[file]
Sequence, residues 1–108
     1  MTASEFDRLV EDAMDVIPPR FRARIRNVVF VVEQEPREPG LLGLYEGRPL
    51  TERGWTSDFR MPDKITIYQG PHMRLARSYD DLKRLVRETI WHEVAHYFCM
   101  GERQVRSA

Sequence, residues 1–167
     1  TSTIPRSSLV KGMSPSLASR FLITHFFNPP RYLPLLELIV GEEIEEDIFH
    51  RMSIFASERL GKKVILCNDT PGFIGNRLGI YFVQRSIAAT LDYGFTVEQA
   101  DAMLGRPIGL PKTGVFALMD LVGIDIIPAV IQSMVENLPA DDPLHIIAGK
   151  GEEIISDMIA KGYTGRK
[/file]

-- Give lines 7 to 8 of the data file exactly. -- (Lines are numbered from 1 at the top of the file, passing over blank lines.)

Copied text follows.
    51  RMSIFASERL GKKVILCNDT PGFIGNRLGI YFVQRSIAAT LDYGFTVEQA
   101  DAMLGRPIGL PKTGVFALMD LVGIDIIPAV IQSMVENLPA DDPLHIIAGK